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dc.contributor.convenorHuib Schippers
dc.contributor.authorCain, Melissa
dc.contributor.editorBrydie-Leigh Bartleet & Huib Schippers
dc.description.abstractMany music teachers are excited by the prospect of incorporating music from around the world into their programs, but often balk at the effort involved, and the significant obstacles they encounter along the way. A lack of adequate teacher training and collegial and administrative support, combined with the absence of factual information, culturally accurate musical recordings, genuine instruments and proficient performance skills, often forces teachers to forgo their desires to include the music of a wider variety of cultures in their programs. Perhaps the greatest stumbling block to providing an experience for students in world musics, is the issue of authenticity. If teachers struggle with being able to produce culturally authentic music in their classrooms, then should the performance of world musics be attempted at all? While a superficial dabble does nothing to enhance a program, nor provide a comprehensive understanding of the musical culture presented, every attempt should be made to incorporate music that is as culturally accurate as possible. The elementary music teachers at Singapore American School (S.A.S.) work with students from over forty different nationalities; many of whom have lived in three or more countries during their lifetimes. Despite receiving no formal training in ethnomusicology, nor in the performance of non-western instruments in their undergraduate studies, several music teachers have become committed to furthering their education and practical experience, in order to tap into the rich cultural heritage of the student body, and to share a practical appreciation of the music of these representative cultures with all elementary students. This paper will explore the challenges that teachers with backgrounds in western music face when incorporating music from around the world into their programs. The experience of the elementary music department at Singapore American School will be used to illustrate these challenges, and resulting successes.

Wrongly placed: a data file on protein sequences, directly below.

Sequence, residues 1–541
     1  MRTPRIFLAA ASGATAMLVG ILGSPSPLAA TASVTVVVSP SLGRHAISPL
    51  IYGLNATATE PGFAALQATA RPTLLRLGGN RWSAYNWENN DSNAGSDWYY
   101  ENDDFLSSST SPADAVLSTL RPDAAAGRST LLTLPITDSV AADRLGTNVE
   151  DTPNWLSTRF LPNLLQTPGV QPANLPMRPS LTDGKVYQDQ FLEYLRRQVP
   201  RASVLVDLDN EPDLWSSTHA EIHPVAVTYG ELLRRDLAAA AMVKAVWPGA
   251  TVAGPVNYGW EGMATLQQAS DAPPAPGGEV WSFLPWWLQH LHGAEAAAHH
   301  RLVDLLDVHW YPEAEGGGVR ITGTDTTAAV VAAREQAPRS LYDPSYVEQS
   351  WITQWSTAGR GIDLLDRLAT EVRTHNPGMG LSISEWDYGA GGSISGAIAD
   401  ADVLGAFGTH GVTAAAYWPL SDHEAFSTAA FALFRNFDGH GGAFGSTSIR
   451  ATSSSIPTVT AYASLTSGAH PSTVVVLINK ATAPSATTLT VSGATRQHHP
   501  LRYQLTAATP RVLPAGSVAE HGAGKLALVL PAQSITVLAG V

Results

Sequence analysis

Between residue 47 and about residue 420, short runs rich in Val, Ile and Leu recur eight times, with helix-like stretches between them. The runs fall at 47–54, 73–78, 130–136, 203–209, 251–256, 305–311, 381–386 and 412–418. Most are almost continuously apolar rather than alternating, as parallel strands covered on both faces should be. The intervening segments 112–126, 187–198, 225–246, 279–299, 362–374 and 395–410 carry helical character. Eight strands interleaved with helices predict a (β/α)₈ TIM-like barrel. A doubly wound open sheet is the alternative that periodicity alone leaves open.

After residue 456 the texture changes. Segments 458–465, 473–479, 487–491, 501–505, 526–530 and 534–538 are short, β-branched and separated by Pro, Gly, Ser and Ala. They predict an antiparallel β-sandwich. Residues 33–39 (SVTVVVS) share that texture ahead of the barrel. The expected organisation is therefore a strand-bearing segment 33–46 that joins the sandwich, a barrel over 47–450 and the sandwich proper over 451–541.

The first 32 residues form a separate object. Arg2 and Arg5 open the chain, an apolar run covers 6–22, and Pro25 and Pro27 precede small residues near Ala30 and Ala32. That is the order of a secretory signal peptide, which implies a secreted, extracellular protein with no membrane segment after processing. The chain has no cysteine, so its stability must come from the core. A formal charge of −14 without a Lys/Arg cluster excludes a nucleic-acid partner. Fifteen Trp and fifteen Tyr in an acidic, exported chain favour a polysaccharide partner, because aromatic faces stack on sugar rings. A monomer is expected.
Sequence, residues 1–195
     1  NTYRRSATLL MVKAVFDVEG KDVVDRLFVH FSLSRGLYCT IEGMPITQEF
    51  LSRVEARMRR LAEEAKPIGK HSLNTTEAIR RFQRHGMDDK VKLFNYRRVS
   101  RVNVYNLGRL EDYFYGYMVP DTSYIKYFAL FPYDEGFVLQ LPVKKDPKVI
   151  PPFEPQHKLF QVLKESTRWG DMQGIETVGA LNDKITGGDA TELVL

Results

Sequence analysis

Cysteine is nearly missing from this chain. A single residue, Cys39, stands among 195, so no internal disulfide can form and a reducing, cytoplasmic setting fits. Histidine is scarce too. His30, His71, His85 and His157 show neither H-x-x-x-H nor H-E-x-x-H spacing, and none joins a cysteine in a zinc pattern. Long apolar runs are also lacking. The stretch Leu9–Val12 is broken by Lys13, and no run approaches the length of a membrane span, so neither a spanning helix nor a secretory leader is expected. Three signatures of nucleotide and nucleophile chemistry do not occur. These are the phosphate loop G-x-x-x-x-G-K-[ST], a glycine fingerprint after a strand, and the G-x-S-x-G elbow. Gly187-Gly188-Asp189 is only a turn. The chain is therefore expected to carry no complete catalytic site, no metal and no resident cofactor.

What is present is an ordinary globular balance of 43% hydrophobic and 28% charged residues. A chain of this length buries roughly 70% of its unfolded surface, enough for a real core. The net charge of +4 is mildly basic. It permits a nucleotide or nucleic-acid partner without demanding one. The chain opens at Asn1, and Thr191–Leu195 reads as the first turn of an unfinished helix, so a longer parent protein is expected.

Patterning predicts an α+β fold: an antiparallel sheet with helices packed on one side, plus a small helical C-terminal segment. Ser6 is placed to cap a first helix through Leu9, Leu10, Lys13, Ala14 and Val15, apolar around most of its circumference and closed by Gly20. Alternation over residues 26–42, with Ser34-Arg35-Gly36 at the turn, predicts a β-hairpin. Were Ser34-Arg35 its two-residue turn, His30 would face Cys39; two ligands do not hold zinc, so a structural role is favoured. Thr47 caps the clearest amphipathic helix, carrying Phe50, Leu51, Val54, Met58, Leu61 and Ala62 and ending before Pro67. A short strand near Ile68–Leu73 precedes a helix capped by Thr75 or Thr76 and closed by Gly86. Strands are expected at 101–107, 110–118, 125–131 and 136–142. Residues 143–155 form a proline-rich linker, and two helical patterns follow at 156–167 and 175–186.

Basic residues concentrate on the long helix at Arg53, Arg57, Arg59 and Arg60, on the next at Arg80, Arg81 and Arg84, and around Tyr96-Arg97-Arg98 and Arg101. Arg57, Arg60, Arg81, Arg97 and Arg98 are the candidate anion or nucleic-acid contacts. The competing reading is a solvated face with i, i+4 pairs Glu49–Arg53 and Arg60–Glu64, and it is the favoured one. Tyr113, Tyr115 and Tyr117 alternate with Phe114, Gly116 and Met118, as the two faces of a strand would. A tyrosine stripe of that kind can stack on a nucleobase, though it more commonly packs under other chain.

dc.publisherAustralian Academic Press/ QCRC
dc.publisher.placeBrisbane, Australia
dc.relation.ispartofconferencename7th International Symposium on Cultural Diversity in Music Education
dc.relation.ispartofconferencetitleCultural Diversity in Music Education. Directions and Challenges for the 21st Century.
dc.relation.ispartoflocationBrisbane, Australia
dc.subject.fieldofresearchCreative Arts, Media and Communication Curriculum and Pedagogy
dc.titleDabbling or Deepening - Where to Begin? Global Music in International School Elementary Education
dc.typeConference output
dc.type.descriptionE1 - Conferences
dc.type.codeE - Conference Publications
gro.facultyArts, Education & Law Group, Queensland Conservatorium
gro.hasfulltextNo Full Text
gro.griffith.authorCain, Melissa A.

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    Contains papers delivered by Griffith authors at national and international conferences.

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